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American Express First-Quarter Earnings Soar Thanks to Spending, Lending, and Taxes

Jordan Wathen, The Motley Fool

American Express (NYSE: AXP) has always been the card company for spenders, but its first-quarter results suggest it can be a card company for borrowers, too.

The company reported net income of $1.6 billion in the first quarter, up 31% from the same period a year ago, helped by rising cardholder spending and borrowing, and topped off by a lower corporate tax rate.

AmEx's first quarter: By the numbers

Metric

Q1 2018

Q1 2017

Year-Over-Year Change

Net revenue

$9.7 billion

$8.7 billion

12%

Net income

$1.6 billlion

$1.3 billion

31%

Diluted EPS

$1.86

$1.35

38%

Data source: American Express earnings release tables. EPS = aernings per share.

What happened this quarter?

Banks are rarely exciting businesses, as little changes from quarter to quarter, but it's important to keep an eye on the moving pieces that together drive the bulk of any bank's profitability. Here are the most important developments this quarter:

  • Loan growth was exceptional. Total loans grew 14% in the first quarter compared to the same period last year. The company acquired a portion of a Hilton card portfolio it didn't already own, which drove about 1.4 percentage points of loan growth, according to conference call commentary.
  • Charge-offs remain low. AmEx wrote off about 2.4% of worldwide card loans at an annualized rate in the fourth quarter, up slightly from 2% in the year-ago period. It's not unexpected to see charge-offs tick up when credit card issuers stomp on the growth pedal, but investors should watch its credit trends carefully (advice that extends to any financial company). AmEx expects its provisions for loan losses to grow by about 35% this year as it increasingly targets customers who carry balances from month to month.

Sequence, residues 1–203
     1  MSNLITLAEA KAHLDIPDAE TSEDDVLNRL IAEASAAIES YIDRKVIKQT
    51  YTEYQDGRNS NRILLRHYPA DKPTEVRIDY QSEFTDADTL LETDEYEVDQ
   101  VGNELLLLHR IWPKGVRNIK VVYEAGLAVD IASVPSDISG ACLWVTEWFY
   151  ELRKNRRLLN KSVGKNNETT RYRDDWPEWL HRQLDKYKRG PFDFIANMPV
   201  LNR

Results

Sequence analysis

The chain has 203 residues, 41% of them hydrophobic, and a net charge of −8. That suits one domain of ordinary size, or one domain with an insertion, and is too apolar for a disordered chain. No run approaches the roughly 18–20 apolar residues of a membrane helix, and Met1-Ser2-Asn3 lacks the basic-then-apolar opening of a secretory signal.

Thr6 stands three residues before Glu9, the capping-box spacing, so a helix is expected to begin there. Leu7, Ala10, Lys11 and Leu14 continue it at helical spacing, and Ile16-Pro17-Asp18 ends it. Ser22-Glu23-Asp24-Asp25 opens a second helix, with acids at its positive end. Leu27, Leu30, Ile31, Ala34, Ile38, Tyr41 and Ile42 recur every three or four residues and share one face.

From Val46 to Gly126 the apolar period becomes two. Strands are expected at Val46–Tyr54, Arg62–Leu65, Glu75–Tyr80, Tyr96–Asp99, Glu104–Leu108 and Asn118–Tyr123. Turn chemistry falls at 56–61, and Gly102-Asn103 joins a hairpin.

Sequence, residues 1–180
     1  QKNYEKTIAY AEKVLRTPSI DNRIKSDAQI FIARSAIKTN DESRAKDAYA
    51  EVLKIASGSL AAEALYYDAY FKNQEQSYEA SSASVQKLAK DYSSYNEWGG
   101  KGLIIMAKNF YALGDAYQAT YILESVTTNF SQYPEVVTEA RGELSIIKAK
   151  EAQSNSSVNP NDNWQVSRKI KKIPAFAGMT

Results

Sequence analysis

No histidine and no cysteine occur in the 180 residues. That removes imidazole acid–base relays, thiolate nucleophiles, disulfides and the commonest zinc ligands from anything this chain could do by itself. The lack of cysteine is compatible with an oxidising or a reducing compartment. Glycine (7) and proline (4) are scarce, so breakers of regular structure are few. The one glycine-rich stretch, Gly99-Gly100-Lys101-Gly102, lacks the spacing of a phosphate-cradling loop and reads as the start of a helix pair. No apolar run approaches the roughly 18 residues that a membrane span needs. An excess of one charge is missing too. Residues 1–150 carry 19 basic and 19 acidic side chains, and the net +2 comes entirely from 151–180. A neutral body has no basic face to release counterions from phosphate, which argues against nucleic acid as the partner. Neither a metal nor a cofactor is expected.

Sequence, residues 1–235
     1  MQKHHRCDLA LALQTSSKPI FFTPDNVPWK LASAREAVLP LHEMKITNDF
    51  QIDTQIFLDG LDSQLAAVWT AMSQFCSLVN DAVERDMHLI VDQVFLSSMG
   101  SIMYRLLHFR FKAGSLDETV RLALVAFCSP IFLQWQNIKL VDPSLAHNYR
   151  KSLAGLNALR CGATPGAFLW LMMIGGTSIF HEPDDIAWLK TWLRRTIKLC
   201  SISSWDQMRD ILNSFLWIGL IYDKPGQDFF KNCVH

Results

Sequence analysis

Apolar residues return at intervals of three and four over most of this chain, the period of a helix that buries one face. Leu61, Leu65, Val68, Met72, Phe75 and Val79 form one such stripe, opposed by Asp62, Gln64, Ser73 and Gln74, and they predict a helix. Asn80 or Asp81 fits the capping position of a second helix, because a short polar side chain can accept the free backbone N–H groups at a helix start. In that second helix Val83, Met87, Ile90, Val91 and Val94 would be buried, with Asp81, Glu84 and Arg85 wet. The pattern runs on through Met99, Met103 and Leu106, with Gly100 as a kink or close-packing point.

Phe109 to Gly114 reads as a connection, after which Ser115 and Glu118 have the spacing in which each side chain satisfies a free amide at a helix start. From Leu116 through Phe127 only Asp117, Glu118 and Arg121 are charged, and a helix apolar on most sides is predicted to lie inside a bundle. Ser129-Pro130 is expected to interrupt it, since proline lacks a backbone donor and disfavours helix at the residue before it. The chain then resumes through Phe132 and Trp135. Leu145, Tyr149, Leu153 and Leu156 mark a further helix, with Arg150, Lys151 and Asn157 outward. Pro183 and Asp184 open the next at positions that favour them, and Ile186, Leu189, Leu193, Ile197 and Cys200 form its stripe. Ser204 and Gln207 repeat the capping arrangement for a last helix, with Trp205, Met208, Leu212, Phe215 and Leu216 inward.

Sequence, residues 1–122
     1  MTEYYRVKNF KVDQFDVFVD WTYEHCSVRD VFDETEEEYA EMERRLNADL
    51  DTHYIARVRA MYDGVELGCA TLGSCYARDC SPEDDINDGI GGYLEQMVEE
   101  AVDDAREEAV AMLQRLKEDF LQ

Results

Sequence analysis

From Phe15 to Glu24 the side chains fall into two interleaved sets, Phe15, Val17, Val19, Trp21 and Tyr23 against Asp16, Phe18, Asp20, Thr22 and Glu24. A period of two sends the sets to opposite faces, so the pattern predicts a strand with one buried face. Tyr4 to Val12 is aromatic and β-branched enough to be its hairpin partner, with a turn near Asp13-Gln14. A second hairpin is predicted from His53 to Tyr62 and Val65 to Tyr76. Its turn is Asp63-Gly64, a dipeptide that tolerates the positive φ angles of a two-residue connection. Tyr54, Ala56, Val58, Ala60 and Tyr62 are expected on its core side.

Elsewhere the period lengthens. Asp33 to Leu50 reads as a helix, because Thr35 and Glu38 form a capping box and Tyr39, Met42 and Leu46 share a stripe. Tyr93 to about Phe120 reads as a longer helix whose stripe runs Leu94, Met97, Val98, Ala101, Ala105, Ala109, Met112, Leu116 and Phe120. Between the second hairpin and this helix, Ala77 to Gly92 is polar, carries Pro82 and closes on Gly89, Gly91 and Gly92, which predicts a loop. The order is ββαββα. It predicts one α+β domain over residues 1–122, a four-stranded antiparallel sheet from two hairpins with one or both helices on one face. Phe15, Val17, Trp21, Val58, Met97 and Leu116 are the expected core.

• Spending is soaring. Total billed business increased by 12% year over year, and by 10% when adjusted for currency fluctuation. Billed business generally refers to how much cardholders charge to their cards. The more the merrier, since American Express earns fees on every swipe (discount fees) and interest on any balances its customers carry.
  • Fees are falling. AmEx is actively lowering fees it charges merchants to increase volume and acceptance, guiding for the discount rate to fall five to six basis points in 2018 at its recent investor day. This quarter, discount revenue as a percentage of billed business fell to 2.08%, down from 2.14% last year, but spending gains outpaced the declining take rate, so total discount revenue grew 9% year over year in the first quarter. Said another way, American Express is making up for lower prices with volume. 
  • Taxes had a big impact on profit growth. American Express reported that its effective tax rate declined to 21.5% this quarter, down from 32% in the year-ago period, thanks to the Tax Cuts and Jobs Act. For perspective, consider that pre-tax earnings increased by 13% compared to the 31% increase in after-tax earnings. Last quarter, American Express said it expected its tax rate to fall to about 22%. 

What management had to say

On the conference call, management touched on a few of AmEx's most important earnings drivers. 

Rewards expenses are a perennial issue for credit card issuers who compete primarily based on the benefits (cash, airline tickets, etc.) they can offer cardholders for signing up and spending. Jeff Campbell, American Express' executive vice president and chief financial officer, said that the company expects rewards expenses to "grow roughly in line with billings," noting that rewards expense increased 14% year over year compared to a 13% increase in billed business. 

Campbell also pointed out that AmEx expects provisions for loan losses to increase "in the mid-30% range" for 2018, while highlighting increased marketing expenses later in the year, as the company directed $200 million of its tax savings to advertising and business development, which it expects to spend over the next three quarters.

Macro shot of a credit card.

Image source: Getty Images.

Looking ahead

AmEx's first quarter showed signs of progress as loans, billed business, and cards-in-force showed substantial improvement year over year, partially driven by the acquisition of a Hilton portfolio. But even excluding the impact of that acquisition, loans and billed business still increased at a double-digit rate.

Most importantly, spending and lending is growing fastest in proprietary cards, or cards where AmEx typically earns more on every dollar its clients spend, since it doesn't share the income with airlines, hotels, or retail partners. 

Upbeat about its progress so far, the company now expects that full-year earnings per share will be at the high end of its earlier guidance range of $6.90 to $7.30 per share, news that shareholders should be happy to hear.

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Jordan Wathen has no position in any of the stocks mentioned. The Motley Fool recommends American Express. The Motley Fool has a disclosure policy.